I stopped going to health conferences when I was diagnosed with cancer two years ago. With this pause came perspective. As a mom attending pediatric conferences, I often had to beg for compensation if I was a speaker. Even if I was an attendee, I had to go through long, drawn-out negotiations with conference organizers and accounting departments to get my expenses covered. Every single time I went to a conference there was a cost to me financially and personally. There was a cost to my family too.
It started to feel like I was an add-on to the conference as a token patient just so they could self-accredit and say they were Patients Included. With my pause in conference-attending, I now see that I didn’t just FEEL like a token patient, I WAS a token patient. I now have the clarity to observe that conference organizers treat other patients and families shabbily too. I would like this practice of shabby treatment to stop.
I was going for one of my regular walks recently and chatting on the phone with Isabel Jordan, who is the co-author of both this great article about compensation and the Patients Included movement. We have had many conversations about partnering with patients.
My epiphany as I was crunching along a forest path was this:
The principles behind Patients Included at health conferences and the inclusion of disabled people are the same.
Inclusion is inclusion. Take a look at the now-famous diagram of inclusion that I’ve posted above. Let’s look at each of those circles under a health conference lens:
For years, patients have been excluded from health conferences. (This still occurs – even with Patient Engagement conferences. If you can’t see the irony with that…). For instance, at cancer conferences in Canada, the idea of inviting patients is still a brand new thing. Most times we just don’t get invited. Or one super-celebrity patient gets invited and nobody else. That, too, is exclusion.
Sometimes a group of chosen patients are invited to a conference. There patients are ‘allowed’ to have their own sessions, separate from the rest of the conference. This is better than exclusion, but it is still segregation.
This where patients are ‘allowed’ to attend and ‘allowed’ to be in the same room as the other conference attendees. I’ve been to those conferences – us patients often clump together at sessions and social events and not recognized by the other conference-goers. Literally nobody saves us a spot at their table, so we sit at our own tables. Most conferences are like this. Patients are reluctantly invited and not embraced or accommodated to be full participants.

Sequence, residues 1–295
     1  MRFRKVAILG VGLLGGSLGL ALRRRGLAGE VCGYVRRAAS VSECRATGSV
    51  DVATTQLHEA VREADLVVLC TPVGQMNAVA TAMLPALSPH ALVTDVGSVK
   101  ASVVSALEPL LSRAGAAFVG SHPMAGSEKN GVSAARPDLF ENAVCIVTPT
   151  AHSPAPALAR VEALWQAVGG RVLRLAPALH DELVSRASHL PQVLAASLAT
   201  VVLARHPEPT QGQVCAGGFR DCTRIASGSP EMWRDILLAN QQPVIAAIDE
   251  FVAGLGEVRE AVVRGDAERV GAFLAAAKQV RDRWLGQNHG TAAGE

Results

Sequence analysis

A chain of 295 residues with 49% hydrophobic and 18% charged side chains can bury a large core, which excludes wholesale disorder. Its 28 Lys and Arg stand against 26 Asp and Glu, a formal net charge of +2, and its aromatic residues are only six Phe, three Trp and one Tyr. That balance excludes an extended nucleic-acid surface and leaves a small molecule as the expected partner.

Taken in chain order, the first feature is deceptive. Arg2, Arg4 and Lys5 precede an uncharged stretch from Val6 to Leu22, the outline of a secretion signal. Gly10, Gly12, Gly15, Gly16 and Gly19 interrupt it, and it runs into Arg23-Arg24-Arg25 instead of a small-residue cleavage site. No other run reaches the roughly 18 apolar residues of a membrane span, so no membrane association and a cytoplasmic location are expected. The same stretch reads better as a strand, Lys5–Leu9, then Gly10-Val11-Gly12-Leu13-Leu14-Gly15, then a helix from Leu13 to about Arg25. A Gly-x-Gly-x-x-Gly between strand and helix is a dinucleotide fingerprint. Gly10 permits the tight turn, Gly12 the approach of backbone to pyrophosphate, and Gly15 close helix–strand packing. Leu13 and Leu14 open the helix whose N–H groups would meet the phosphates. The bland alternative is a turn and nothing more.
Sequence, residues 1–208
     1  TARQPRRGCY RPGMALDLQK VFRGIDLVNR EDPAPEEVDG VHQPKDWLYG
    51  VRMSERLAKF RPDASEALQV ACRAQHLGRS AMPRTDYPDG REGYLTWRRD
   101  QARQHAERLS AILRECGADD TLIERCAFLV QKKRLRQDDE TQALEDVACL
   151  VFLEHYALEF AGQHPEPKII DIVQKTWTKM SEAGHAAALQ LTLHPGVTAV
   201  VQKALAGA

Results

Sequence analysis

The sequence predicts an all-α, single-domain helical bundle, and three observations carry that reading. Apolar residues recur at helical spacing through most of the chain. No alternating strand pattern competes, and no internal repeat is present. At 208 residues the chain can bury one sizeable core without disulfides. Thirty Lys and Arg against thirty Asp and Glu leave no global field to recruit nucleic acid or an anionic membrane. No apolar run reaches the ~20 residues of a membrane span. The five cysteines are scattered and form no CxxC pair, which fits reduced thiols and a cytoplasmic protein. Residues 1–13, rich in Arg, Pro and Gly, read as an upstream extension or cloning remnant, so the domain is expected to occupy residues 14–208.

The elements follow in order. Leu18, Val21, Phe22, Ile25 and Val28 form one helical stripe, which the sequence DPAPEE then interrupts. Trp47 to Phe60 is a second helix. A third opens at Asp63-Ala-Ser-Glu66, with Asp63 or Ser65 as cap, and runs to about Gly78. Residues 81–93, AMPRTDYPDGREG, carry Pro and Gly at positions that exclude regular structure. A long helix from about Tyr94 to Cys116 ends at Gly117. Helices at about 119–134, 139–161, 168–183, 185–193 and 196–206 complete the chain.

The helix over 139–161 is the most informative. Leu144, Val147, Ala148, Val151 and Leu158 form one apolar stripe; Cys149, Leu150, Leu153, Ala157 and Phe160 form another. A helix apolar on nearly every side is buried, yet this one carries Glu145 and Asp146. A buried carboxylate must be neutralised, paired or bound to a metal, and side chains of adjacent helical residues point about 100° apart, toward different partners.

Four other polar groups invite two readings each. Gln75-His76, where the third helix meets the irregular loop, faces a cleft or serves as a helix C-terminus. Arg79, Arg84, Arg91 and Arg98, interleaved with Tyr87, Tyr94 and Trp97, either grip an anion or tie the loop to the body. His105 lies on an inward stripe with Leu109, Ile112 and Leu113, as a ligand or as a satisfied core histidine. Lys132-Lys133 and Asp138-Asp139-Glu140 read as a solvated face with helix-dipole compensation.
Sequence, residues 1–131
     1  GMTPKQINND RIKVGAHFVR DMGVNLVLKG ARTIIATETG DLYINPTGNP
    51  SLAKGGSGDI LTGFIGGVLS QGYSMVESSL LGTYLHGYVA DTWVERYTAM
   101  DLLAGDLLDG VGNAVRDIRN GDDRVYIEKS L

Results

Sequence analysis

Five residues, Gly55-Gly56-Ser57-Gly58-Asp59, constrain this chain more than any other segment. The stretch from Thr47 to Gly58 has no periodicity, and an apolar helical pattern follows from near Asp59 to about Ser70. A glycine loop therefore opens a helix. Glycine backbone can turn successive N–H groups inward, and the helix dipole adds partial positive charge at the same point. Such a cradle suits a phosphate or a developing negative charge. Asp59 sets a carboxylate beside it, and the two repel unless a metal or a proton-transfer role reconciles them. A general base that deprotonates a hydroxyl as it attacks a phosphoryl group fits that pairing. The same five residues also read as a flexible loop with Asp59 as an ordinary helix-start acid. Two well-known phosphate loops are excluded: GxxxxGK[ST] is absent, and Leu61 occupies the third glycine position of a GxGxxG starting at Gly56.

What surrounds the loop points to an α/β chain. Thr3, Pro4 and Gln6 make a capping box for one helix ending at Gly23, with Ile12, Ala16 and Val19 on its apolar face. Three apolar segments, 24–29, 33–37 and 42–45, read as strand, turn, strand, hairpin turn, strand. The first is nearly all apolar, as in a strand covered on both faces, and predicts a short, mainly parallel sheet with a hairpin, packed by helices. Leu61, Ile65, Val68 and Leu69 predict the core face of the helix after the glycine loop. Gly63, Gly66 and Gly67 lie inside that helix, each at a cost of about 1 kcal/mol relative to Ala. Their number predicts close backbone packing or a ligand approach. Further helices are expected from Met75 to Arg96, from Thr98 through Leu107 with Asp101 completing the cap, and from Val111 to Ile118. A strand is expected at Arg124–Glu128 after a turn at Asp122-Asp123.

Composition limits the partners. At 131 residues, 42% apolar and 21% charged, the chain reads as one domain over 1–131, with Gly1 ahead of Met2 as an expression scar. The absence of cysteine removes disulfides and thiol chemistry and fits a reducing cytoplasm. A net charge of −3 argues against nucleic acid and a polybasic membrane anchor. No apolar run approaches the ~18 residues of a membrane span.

This circle depicts inclusion. This is something to aim for and illustrates the intention behind the whole Patients Included movement. See all the coloured dots that aren’t green? Those spots are all the patient attendees. Here we are on conference planning committees, invited (and paid) as speakers and sitting at the big kids’ table with everybody else. It is important to note that there can be exclusion even within this inclusion model. That happens if the same patients are invited and attend conferences over and over again. Within patient groups there can be exclusion too.
Hanging out, patiently waiting, on the other side of inclusion is belonging.
Inclusion = we’ll make room if you show up.
Belonging = you need to be here and you’re missed when you aren’t here.
Now apply this to health conferences. You have to work your way through these circles and do inclusion right before you even get close to belonging. Right now, many conferences struggle with even making room and helping patients show up.
Cynical me wonders if health conferences truly want patients at “their” conferences or if they see Patients Included as a tokenistic trend and a flavour of the month. This would be a real shame and I think a grave misuse of the intention of the original Patients Included charter.
Optimistic me believes that authentic patient inclusion at health conferences can be done. The key is that patient inclusion (and eventual belonging) will only happen if we do it all together. If you are unsure if your conference is truly Patients Included – beyond accrediting yourselves and putting Patients Included on your website – you need to ask patients themselves. Bonus points if you seek a diverse assortment of opinions and don’t just talk to your favourite patients.
Note: If you are interested in improving your health conference, I’d recommend you consult with patient partners early on in your planning. They can help light the way. I do know patient partners who do this kind of work – send me an email and I can connect you up…